What's Your Golden Calf?


"We want to avoid suffering, death, sin, ashes. But we live in a world crushed and broken and torn, a world God himself visited to redeem. We receive his poured-out life and being allowed the high privilege of suffering with him, may then pour ourselves out for others." ~ Elizabeth Elliot

As we reflect on the earthly ministry of Jesus and the road he took to the cross, it is essential we remember why he had to come. Sin—our sin—is not something to be taken lightly. God certainly does not. Consider the below passage from Deuteronomy:

“Furthermore, the LORD said to me, ‘I have seen this people, and behold, it is a stubborn people. Let me alone, that I may destroy them and blot out their name from under heaven. And I will make of you a nation mightier and greater than they.’ So I turned and came down from the mountain, and the mountain was burning with fire. And the two tablets of the covenant were in my two hands.

And I looked, and behold, you had sinned against the LORD your God. You had made yourselves a golden calf. You had turned aside quickly from the way that the LORD had commanded you. So I took hold of the two tablets and threw them out of my two hands and broke them before your eyes. Then I lay prostrate before the LORD as before, forty days and forty nights. I neither ate bread nor drank water, because of all the sin that you had committed, in doing what was evil in the sight of the LORD to provoke him to anger. For I was afraid of the anger and hot displeasure that the LORD bore against you, so that he was ready to destroy you. But the LORD listened to me that time also. And the LORD was so angry with Aaron that he was ready to destroy him. And I prayed for Aaron also at the same time.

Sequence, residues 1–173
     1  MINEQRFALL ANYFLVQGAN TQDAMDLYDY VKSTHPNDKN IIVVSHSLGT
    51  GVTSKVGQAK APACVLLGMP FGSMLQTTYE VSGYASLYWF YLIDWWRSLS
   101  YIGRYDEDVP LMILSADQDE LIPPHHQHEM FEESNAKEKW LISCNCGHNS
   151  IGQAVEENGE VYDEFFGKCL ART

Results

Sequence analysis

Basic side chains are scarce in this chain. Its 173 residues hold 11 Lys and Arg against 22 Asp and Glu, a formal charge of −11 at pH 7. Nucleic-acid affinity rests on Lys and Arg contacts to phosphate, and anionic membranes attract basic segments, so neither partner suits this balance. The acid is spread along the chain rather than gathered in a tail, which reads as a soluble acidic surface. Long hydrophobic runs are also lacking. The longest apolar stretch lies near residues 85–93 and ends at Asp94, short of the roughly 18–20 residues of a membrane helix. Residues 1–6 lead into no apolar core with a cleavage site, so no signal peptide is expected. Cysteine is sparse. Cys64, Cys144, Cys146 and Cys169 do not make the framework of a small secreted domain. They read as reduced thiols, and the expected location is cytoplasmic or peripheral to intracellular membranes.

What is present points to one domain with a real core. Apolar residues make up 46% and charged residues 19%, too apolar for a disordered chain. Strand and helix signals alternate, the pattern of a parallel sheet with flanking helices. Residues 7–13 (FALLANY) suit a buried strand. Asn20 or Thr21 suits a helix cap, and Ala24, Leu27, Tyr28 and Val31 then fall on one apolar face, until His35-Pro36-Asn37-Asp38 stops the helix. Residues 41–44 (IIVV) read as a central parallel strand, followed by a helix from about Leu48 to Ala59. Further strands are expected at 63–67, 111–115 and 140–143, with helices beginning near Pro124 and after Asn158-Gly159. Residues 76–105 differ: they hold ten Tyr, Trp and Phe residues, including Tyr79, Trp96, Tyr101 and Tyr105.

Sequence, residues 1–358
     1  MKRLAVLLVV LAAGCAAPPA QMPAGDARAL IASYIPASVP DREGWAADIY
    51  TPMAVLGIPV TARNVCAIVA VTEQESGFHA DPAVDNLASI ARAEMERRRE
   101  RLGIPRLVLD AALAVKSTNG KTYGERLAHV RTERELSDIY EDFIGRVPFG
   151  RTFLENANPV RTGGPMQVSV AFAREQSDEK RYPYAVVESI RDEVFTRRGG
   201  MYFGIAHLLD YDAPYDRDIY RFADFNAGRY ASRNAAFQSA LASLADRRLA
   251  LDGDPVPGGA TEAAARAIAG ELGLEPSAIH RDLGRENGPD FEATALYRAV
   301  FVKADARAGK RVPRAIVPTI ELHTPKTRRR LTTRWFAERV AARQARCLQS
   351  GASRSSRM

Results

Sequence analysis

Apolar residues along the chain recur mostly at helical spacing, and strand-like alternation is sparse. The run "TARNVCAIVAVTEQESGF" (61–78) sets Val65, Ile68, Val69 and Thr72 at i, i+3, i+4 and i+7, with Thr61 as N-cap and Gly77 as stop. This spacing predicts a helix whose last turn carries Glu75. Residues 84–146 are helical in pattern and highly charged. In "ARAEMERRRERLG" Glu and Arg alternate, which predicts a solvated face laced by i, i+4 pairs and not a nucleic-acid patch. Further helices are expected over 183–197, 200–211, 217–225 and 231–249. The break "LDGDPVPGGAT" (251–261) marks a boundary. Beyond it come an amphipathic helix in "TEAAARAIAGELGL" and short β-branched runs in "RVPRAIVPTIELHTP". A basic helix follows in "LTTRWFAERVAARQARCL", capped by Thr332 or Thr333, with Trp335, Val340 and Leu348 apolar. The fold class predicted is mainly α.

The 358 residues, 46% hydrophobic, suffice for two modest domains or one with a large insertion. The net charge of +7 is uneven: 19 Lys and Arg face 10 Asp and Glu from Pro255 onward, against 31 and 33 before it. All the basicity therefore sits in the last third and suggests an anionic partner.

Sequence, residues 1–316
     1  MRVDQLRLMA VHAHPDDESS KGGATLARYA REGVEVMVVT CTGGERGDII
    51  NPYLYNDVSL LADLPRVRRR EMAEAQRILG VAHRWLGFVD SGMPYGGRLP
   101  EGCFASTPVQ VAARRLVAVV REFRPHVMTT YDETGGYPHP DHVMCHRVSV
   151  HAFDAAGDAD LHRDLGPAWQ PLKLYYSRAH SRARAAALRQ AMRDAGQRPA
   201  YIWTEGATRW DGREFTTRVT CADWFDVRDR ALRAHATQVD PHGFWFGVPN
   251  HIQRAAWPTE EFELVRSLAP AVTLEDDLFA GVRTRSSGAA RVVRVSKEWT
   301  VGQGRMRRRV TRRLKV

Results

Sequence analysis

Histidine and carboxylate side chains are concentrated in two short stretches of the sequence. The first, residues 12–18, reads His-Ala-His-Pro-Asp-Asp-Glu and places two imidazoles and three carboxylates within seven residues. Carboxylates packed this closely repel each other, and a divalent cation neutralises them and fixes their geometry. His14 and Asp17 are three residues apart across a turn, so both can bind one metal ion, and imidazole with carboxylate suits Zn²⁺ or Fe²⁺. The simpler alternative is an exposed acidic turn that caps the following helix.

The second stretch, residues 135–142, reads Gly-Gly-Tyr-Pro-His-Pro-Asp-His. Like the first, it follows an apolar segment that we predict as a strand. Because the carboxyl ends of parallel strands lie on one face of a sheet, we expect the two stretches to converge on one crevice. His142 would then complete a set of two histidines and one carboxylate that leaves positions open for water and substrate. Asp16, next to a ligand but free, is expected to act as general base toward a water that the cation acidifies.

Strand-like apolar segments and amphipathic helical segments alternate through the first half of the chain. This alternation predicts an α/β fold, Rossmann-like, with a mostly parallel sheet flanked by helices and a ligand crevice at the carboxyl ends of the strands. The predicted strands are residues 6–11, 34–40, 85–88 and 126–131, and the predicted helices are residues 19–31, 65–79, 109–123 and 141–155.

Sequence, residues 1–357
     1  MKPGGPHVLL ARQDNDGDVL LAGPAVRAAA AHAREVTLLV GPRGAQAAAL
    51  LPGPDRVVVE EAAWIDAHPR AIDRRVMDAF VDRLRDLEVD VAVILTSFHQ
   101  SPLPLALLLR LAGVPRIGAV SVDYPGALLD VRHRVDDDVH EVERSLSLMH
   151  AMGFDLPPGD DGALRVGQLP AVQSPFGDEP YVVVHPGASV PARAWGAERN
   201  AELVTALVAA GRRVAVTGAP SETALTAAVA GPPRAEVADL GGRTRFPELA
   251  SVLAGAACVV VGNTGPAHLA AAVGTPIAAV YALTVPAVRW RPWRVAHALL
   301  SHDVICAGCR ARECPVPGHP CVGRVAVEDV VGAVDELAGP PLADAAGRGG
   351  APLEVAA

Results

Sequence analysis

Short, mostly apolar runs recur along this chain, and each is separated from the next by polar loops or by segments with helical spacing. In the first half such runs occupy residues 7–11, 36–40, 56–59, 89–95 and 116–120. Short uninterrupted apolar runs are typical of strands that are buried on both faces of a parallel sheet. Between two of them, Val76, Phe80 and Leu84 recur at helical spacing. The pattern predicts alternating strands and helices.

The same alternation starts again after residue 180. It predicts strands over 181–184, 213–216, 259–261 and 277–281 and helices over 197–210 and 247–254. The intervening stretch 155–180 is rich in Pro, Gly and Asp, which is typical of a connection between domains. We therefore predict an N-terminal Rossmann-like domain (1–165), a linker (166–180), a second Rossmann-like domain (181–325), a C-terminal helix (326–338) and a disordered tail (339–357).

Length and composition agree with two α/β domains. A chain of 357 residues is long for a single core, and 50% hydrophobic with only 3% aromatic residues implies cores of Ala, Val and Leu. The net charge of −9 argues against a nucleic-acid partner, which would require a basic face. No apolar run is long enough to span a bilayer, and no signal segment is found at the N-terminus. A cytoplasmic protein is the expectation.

Then I took the sinful thing, the calf that you had made, and burned it with fire and crushed it, grinding it very small, until it was as fine as dust. And I threw the dust of it into the brook that ran down from the mountain.”
(Deuteronomy 9:13–21 ESV)

All of us, without exception, have made for ourselves golden calves. Some of those calves have already been torn down and burned. Others are still standing. At times, we may find ourselves on our hands and knees attempting to refashion an old calf from the ashes. 

As we journey together as a church over these next several weeks toward the cross, let us pray together. Let us pray that God will reveal to us those golden calves in our lives to which we have become blind. Let us pray that God will give us the strength to not erect new ones. Let us praise God for the calves that have been torn down so that we might turn our affections toward Jesus and not gods of our own making. 

Now, I encourage you to prayerfully spend some time over these next few days reading and reflecting on John 14.15–31. Consider when Jesus spoke these words. He knows his betrayal is close at hand and his death on the cross is imminent. How does that impact the way you hear what Jesus is saying to his disciples? To you?

Faithful God, whose Son did not escape suffering and death
   but accepted and finally overcame them, 
      bring your disciples by the way of his cross to the joy of Easter. 
Strengthen your church to resist evil of every kind and turn from sin. 
With your mighty hand and outstretched arm, 
   uphold those enduring trials and any who know their very life is at stake. 
Be with your children who are heavy laden,
   and all who labor beneath the misuse of power by another.
Amid temptations to be successful,
   shape your children first to be faithful to your kingdom, 
      until the day when in your resurrected glory there is one life, 
         one sharing, one holy communion among all saints
            with you to whom all glory belongs forever, 
               Father, Son, and Holy Spirit. Amen.

(Eucharistic Prayers. Samuel Wells & Abigail Kocher, Eerdmans, 2016.)

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